Surrealist art great, Man Ray, made this film in 1929. It follows a pair of indecisive travelers who base all their action on chance. They head out to a fabulous chateau in the hills and wander around inside and out. They run into four odd persons who enjoy swimming and running about as if the place is their private gym. But what is Man Ray doing here? Why all these shots of windows, lamps, sculptures? He is finding the abnormal in the normal. Wherever he happens to be with a camera he can make the surreal. He’s functioning as an artist, looking for odd angles, shadows, contrasts. He is also diving into the great current of his culture. The house is a castle filled with fine objects and great art. Man Ray is expressing his enthusiasm. This is an extremely childish film. I mean that as a compliment, though I really see nothing exceptional in works for children. But for an artist to function as a child for a certain amount of time is extraordinary and beneficial I think. But that kind of thinking must end and lead to its own destruction. In other words, I do not think any children’s author or illustrator should ever continue to work in that way for more than a few years. Then it is time to think about serious things and to make things that upset people. Perhaps that is my main criticism for most of the things I have seen by Man Ray. He seems a little bit too pleasant. I might be wrong about that. I have to look a little more.
This is a 1996 documentary by Noël Simsolo, featuring many interviews with Jean Cocteau himself, Jean-Luc Godard and actor Jean Marais. The great French director of films like ‘Blood of a Poet,’ ‘Orpheus,’ and ‘Beauty and the Beast,’ was also an essayist, poet, artist, and playwright. When I was a kid I read the book he wrote about filming ‘Beauty and the Beast.’ I understood little of it except that there was the general impression of someone working against constant hardship to attain a mysterious something. The book detailed his struggles with the subtleties of light, weather and performance in the pursuit of a mysterious quality that must be present in the fairytale. I knew that his efforts had worked because I had seen the film on television and understood that it was simply the most convincing fairytale I had ever seen. Another film with this totally mysterious quality is ‘Orpheus,’ which is Cocteau’s modern version of the Greek myth in which the great musician/poet descends into the underworld to bring his wife back to the world of the living. Cocteau’s telling of the tale is at once ancient and modern, always mysterious and always trying to get close to poetry. Whenever I see that film I feel that I am seeing an important picture of French artistic life in the late 1940s told through the prism of ancient Greek myth. The film sits in that fascinating period of artistic ferment and dawning of a new cinematic movement that was a reaction to the end of World War II. Possibilities in films of that period seem limitless. There is a calmness of the image, an almost casual approach to creating scenes. Things are becoming more fluid and less studio-bound. Films are beginning to lean toward poetry and art.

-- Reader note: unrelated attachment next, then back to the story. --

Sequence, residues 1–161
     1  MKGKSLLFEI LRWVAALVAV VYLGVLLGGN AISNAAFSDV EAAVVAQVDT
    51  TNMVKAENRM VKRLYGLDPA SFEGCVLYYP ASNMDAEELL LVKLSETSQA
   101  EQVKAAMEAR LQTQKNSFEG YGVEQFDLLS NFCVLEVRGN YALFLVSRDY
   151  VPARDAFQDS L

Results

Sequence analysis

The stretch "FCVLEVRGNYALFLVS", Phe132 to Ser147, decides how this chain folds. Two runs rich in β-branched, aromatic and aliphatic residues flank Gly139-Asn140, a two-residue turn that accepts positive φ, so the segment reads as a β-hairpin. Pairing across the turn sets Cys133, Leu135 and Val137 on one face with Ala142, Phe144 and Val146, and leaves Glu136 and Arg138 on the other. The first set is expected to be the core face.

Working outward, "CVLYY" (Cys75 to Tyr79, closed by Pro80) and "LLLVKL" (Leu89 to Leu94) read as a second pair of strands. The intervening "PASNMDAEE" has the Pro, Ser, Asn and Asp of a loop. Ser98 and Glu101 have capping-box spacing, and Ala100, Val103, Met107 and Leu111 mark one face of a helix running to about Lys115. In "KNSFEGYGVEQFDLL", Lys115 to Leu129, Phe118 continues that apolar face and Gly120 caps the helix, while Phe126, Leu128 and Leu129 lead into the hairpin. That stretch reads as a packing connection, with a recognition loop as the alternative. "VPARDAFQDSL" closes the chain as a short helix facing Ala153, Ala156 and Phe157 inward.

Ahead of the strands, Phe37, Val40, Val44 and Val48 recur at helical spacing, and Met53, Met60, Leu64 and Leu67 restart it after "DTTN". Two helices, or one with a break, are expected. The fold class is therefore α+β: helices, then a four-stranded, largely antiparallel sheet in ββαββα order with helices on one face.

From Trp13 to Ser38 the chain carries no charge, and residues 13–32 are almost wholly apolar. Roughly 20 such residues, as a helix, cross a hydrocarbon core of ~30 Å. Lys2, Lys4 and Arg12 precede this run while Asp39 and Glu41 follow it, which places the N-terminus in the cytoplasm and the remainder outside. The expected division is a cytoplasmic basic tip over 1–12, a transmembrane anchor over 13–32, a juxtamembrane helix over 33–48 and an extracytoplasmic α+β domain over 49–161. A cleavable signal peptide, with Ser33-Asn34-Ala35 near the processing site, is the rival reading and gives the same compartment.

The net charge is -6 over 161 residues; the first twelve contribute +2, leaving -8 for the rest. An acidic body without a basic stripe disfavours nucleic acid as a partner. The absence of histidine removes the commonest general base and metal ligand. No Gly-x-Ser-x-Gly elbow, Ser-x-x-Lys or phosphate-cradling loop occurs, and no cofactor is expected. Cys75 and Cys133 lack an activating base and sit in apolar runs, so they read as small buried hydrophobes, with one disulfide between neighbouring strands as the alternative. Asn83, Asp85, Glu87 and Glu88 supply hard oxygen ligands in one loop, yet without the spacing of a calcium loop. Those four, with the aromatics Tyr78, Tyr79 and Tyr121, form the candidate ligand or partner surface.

Even though I never really understood what was being said in the ‘Orpheus’ film, it is probably one of the most important influences on the little bits of work that I do in film and video. Various images and scenes from ‘Orpheus’ regularly pop into my head as I work.
One of the best things I think an artist can learn from looking at Jean Cocteau is to follow one’s own interests without worrying about being unqualified – pretending can eventually get you where you want to go if you do it absolutely.
In 1936, experimental filmmaker Len Lye made this short surreal animation to advertise the benefits of Shell oil for lubricating things. The film is a hyper-saturated stop-motion extravaganza that involves a mechanical world turning on some sort of hand crank. There’s an adventurer driving around the sands of Egypt. His car winds down and konks out leaving the man dead in the desert. The angel of oil rains drops of lubricating crude down on the Egyptian landscape bringing the parched skeleton to life as the Shell Oil robot. Fascinating. It’s got that awkward, shiny, naive beauty that could only be achieved in the 30s. Parts of this thing look like they might be influenced by Salvador Dali’s work. Something about that dead skeleton and the desert looks like it could fit right into the Surrealist master’s paintings.
Lye was from New Zealand and worked not only as an experimental filmmaker but also in newsreels and advertising. He was a kinetic sculptor, poet, painter and a writer of essays on artistic theory and philosphy. He made a 1935 short film called ‘A Colour Box’ which was the first generally exhibited film made by painting directly on the film emulsion. It’s a brilliant experimental animation posing as an advertisement for cheaper parcel post. I’m sure the great direct paint filmmaker Stan Brakhage must have been familiar with Lye’s work.